Sales normally peaked producing profits in the spring, early summer and autumn. Each period linked with active gardening and was very weather-dependent. Achieving enough turnover for financial survival in the slack periods was a permanent headache.
Survival, growth and expansion have been achieved through selling an increasingly diverse range of garden, home, pet and personal goods. Indeed, British garden centres are very good at attractive marketing.
Even the Americans, arch-marketers that they are, envy our biggest and most successful garden centres. As garden centres become urbanised arcades with a few plants attached, will customers become disillusioned and move elsewhere? If so, where?
The 21st century is producing two very divergent shopping habits. One is impersonal virtual buying online. The other is physical, demanding the close personal attention offered by small businesses.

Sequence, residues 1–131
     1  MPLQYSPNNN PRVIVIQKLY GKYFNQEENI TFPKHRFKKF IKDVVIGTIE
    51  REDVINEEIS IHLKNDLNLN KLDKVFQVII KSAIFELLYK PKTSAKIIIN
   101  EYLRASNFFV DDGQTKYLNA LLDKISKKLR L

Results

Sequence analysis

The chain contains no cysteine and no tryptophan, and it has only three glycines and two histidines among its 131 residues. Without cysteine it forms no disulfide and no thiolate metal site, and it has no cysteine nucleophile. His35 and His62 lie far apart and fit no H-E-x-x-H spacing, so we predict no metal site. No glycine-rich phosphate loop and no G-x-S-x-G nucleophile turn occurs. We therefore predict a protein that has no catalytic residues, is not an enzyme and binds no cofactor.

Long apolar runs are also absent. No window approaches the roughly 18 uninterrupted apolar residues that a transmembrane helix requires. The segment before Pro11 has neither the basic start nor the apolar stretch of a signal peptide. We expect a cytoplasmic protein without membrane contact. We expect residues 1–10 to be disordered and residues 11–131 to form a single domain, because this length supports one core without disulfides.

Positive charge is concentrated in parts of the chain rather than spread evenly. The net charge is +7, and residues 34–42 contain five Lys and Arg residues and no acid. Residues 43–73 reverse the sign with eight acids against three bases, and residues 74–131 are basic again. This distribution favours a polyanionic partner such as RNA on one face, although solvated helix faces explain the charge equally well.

This is where small, intimate garden centres offering plants and plant knowledge will win out. Plant knowledge is the added-value element making customers feel that they are served by growers, not till jockeys.
Small-business models generate a variety of niche markets. Some centres will score as highly specialist vendors of unique plants. Customers will travel some distance for the pleasure of buying and discussing plants.
Other centres will offer more generalised plants for time-poor local urban gardeners. Bigger centres will specialise through non-horticultural attractions. Some are already becoming gourmet restaurants capable of bidding for Michelin stars. Irrespective of the model, social horticulture thrives in Britain.
Professor Geoffrey Dixon is managing director of GreenGene international